3) Healthy Weight – There is a thin layer of fat under the skin. Muscles on the neck are less defined. The shoulders and neck blend smoothly into the body. The back is flat or forms a slight ridge. The ribs are not visible but can be easily felt. The rump is beginning to appear rounded and the hip bones are just visible.

4) Fat – Muscles are hard to determine. Spongy fat is developing on the crest and behind the shoulders. The ribs and pelvis are difficult to feel and the rump is well-rounded (appears apple shaped from behind). There is spongy fat around the tail head and a gutter along the back.

5) Obese – The horse has a blocky, bloated appearance and the muscles aren’t visible. The crest is pronounced with hard fat. Pads of fat can be felt instead of rib bones. There is a deep gutter along the back and rump, and lumps of fat around the tail head. The rump is a bulging apple shape and inner thighs are pressing together.

If you think your horse’s weight is concerning or need some help determining this, request an equine visit from one of our vets who will be able to help you, and devise a plan to get your horse on the road to a better weight and health.

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Winter weight management

Has your pony waddled in from the summer paddock looking a little too well? Or is he looking great having gained some condition after a few months of good grazing?

Either way, feeding your horse to lose or maintain body weight through the winter can be challenging. Horses living in the wild experience a natural fluctuation in body weight. They spend the summer gaining body fat on good grazing so during the shortage of grass in the winter, they have plenty of fat stores to burn to survive. However, many domesticated horses avoid this natural fluctuation in weight. They easily gain weight on good pasture during the summer, but we stop them using up these fat stores in the winter by giving them additional food, keeping them warm with rugs and shelter, and often reduce the amount of exercise they do because riding becomes impractical with the short days.

In the other extreme, some horses appear to lose their condition during Winter despite all of our domesticated habits and efforts. It is well known that some breed types, such as natives, hold onto body condition extremely well and other more hot blooded breeds seem to drop weight very easily. What is more, some horses have underlying dental or health conditions that mean they require more calories or more readily available calories once the energy content in the grass declines and grass growth rate reduces.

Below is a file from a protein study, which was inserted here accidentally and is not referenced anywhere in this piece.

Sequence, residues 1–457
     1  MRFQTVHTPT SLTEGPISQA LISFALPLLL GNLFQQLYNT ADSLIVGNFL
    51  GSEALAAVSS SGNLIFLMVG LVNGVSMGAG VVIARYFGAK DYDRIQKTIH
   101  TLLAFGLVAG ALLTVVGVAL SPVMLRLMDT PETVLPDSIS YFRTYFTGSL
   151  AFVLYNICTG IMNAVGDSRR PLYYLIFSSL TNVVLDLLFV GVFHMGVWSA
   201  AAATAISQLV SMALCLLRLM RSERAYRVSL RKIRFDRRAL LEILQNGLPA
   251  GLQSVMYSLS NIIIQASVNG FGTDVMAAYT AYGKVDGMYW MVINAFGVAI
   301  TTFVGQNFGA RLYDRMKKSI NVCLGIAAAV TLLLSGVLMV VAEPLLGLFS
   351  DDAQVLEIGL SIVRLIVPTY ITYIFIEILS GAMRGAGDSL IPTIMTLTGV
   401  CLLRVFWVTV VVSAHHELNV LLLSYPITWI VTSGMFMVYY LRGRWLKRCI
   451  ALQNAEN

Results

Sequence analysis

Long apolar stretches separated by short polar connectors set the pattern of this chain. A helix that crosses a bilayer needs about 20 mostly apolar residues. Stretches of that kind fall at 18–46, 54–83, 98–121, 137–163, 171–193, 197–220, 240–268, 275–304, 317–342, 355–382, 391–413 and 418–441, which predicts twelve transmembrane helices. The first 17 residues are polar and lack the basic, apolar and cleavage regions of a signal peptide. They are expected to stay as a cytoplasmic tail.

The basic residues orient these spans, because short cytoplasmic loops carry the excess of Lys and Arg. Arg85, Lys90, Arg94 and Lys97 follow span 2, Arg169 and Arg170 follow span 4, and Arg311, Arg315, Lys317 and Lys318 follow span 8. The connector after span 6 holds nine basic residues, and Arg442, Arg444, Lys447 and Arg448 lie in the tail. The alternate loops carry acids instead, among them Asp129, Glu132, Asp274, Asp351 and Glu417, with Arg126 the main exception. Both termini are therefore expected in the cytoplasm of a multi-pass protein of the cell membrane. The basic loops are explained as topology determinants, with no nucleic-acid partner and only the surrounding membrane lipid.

It is always a good idea to monitor your horse’s weight using a weight tape. If your horse is overweight, trying to achieve weight loss in the summer is a real challenge especially if they are grazing. Using the winter months to take control of your horses’ weight by restricting their food intake and increasing their energy output by wearing fewer rugs and exercising as much as possible to get them leaner by the spring, means they have less risk of becoming obese and developing diseases such as equine metabolic syndrome (EMS) and laminitis during the summer.

Our vets can advise you on a weight loss plan to ensure your horse loses weight at a healthy rate. For horses that easily drop condition without good grazing, winter can be a struggle to keep them looking well. This could be due to their breed, but it is always important in these cases to ensure there are no underlying diseases preventing them getting the maximum nutrition from the food you are giving. Having a chat to one of our vets about their worming history, as well as a general clinical and dental examination to rule out any underlying condition is strongly advised for any horse prone to winter weight loss.

Feeding unrestricted hay or haylage rations as the grazing starts to reduce, alongside supplementing with hard feed high in fats and oil, with increased rugging and stabling in bad weather can make a real difference to these horses.

If you have any queries about how much your horse should weigh or have concerns about them being over or under weight, please contact one of our equine vets for some advice.